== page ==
Los Alamos Lab Suppresses Data on Negative Economic Impact on Surrounding Counties; Wealthy White Los Alamos County Asks for 3,000 Acres Seized from Hispanics and Native Americans

Santa Fe, NM – The independent newspaper Rio Grande Sun has recently reported that the Los Alamos National Laboratory (LANL) had struck data from a study it had commissioned showing that the Lab had negative fiscal impacts on Santa Fe, Taos and Rio Arriba Counties in FY 2017. This egregious censorship has political implications since the New Mexican congressional delegation justifies and supports the planned expanded production of plutonium “pit” bomb cores for nuclear weapons as vital for the economic well-being of northern New Mexico.

The Rio Grande Sun reported that the original draft of the study stated that the Lab’s presence cost Santa Fe County $1,414,655, Taos County $809,406 and Rio Arriba County $3,215,566 in FY 2017, which was deleted from the final study. It also stated that the Lab’s fiscal impact on Los Alamos County was a positive $11.6 million from state gross receipts taxes on Lab operations. The seven counties surrounding Los Alamos County received a combined gross receipts taxes of only $6 million (without a breakdown between counties).

Los Alamos County is the 4th wealthiest county in the USA, with an annual median household income of $114,670. It is also an ethnic island of 71% non-Hispanic whites while New Mexico as a whole is 49.3% Hispanic, 11% Native American and 36.8% nonHispanic white.1 Rio Arriba County’s annual median household income is a third of Los Alamos County’s at $37,174.2

In the midst of this economic disparity and a national reckoning over racial injustice, Los Alamos Country is asking the federal National Nuclear Security Administration (NNSA) for a transfer at no cost of over 3,000 acres seized during WW II in large part from Hispanic homesteaders with little or no compensation.3 Moreover, LANL’s entire current area was the ancestral homeland of the Puebloan people, and San Ildefonso Pueblo’s “Sacred Lands” still extend deep into the Lab’s boundaries (and contiguous to LANL’s largest dump with some 200,000 cubic yards of radioactive and toxic wastes).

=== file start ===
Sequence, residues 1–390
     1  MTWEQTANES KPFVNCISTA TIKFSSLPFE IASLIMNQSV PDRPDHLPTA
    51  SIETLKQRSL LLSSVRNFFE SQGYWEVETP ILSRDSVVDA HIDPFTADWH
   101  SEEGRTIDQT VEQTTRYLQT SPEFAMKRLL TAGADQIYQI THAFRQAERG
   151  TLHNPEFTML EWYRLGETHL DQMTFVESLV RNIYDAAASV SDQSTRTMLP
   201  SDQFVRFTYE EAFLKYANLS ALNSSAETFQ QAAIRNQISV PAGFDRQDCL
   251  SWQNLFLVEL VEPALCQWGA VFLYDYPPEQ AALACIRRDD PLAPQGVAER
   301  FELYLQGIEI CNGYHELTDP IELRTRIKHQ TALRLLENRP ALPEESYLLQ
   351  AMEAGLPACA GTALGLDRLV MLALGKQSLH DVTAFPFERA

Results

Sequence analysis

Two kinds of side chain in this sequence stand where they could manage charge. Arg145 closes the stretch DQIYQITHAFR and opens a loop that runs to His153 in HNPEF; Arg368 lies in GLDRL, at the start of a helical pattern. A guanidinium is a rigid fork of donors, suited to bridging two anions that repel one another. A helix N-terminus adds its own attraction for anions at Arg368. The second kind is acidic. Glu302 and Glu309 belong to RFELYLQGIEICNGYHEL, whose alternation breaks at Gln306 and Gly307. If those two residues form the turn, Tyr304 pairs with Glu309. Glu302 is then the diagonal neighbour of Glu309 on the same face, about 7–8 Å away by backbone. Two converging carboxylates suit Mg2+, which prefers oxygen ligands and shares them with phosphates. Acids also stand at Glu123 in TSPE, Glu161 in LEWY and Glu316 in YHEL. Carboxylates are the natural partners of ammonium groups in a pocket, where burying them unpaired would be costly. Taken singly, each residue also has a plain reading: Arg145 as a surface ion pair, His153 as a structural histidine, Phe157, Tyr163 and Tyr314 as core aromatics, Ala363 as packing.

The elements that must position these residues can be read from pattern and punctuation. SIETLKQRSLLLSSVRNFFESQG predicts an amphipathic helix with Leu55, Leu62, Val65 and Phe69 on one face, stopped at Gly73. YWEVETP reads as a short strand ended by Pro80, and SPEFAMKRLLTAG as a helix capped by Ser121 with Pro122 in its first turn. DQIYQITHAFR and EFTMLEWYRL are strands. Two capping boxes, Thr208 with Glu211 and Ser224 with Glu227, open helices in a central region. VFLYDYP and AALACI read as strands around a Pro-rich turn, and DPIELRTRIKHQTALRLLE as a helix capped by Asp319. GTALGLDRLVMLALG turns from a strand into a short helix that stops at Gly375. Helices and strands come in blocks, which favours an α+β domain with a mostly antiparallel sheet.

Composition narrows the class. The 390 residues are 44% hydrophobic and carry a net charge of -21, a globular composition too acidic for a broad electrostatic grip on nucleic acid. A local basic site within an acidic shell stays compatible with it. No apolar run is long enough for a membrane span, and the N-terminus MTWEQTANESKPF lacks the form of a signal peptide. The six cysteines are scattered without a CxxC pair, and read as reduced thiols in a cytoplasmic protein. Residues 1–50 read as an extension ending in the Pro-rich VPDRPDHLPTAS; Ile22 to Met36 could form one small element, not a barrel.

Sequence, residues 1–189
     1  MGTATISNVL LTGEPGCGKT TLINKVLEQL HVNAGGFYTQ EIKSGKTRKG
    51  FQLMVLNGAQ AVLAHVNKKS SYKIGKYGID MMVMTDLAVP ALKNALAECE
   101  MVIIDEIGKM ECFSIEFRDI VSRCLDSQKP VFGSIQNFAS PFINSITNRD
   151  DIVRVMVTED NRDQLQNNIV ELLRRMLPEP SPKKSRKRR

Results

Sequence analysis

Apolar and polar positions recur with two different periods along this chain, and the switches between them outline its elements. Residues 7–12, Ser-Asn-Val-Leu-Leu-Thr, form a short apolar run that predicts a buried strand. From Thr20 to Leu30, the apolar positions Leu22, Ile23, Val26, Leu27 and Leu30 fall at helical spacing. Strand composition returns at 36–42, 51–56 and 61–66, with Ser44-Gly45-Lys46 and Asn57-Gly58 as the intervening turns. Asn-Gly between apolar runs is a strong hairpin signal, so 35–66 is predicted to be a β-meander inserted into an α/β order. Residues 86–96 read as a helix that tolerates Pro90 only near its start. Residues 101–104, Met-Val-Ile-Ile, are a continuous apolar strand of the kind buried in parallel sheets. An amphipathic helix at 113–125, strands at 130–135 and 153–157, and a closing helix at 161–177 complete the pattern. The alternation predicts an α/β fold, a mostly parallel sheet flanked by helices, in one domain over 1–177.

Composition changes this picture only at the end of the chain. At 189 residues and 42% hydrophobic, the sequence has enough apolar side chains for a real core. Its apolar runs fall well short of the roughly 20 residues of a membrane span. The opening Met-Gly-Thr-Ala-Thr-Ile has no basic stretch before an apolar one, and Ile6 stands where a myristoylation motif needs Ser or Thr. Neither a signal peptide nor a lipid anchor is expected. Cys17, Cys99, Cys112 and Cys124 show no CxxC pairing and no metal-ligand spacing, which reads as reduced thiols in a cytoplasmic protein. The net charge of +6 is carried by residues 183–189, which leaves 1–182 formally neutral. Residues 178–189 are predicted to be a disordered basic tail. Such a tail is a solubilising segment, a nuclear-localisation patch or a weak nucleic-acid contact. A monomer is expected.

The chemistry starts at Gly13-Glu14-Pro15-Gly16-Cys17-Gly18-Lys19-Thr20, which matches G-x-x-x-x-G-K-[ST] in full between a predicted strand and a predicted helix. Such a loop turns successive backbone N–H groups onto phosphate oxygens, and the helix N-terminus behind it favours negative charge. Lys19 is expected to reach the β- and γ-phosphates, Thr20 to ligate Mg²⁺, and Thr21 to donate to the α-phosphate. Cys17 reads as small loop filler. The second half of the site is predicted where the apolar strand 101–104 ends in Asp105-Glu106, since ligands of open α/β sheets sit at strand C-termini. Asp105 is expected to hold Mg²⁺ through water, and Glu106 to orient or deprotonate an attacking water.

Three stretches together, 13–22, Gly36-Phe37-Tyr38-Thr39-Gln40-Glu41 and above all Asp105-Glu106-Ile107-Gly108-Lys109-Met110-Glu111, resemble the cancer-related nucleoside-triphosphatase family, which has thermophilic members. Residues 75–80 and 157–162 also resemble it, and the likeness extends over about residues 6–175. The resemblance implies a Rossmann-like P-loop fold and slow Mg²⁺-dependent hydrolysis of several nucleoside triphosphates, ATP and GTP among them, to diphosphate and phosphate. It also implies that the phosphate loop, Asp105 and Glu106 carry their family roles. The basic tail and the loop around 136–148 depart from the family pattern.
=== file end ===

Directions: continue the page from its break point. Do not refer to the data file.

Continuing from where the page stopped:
“This is yet another example of the racial disparity that exists in the wake of communities like Los Alamos, established under the protective umbrella of government sanctioned white privilege. When you take something by force and don’t pay for it, that’s called stealing. So why is land stolen by the US government from the original Hispanic and Native American owners not being given back to them?…As the national reckoning over racial injustice unfolds, let us not forget how Los Alamos Lab came to be and the insult to injury that giving away land stolen from others represents.”

— Chuck Montaño, Nuclear Watch NM Steering Committee member. Mr. Montaño, born and raised in Santa Fe, NM, worked at the Los Alamos National Laboratory for 32 years where he investigated allegations of fraud, waste and abuse.


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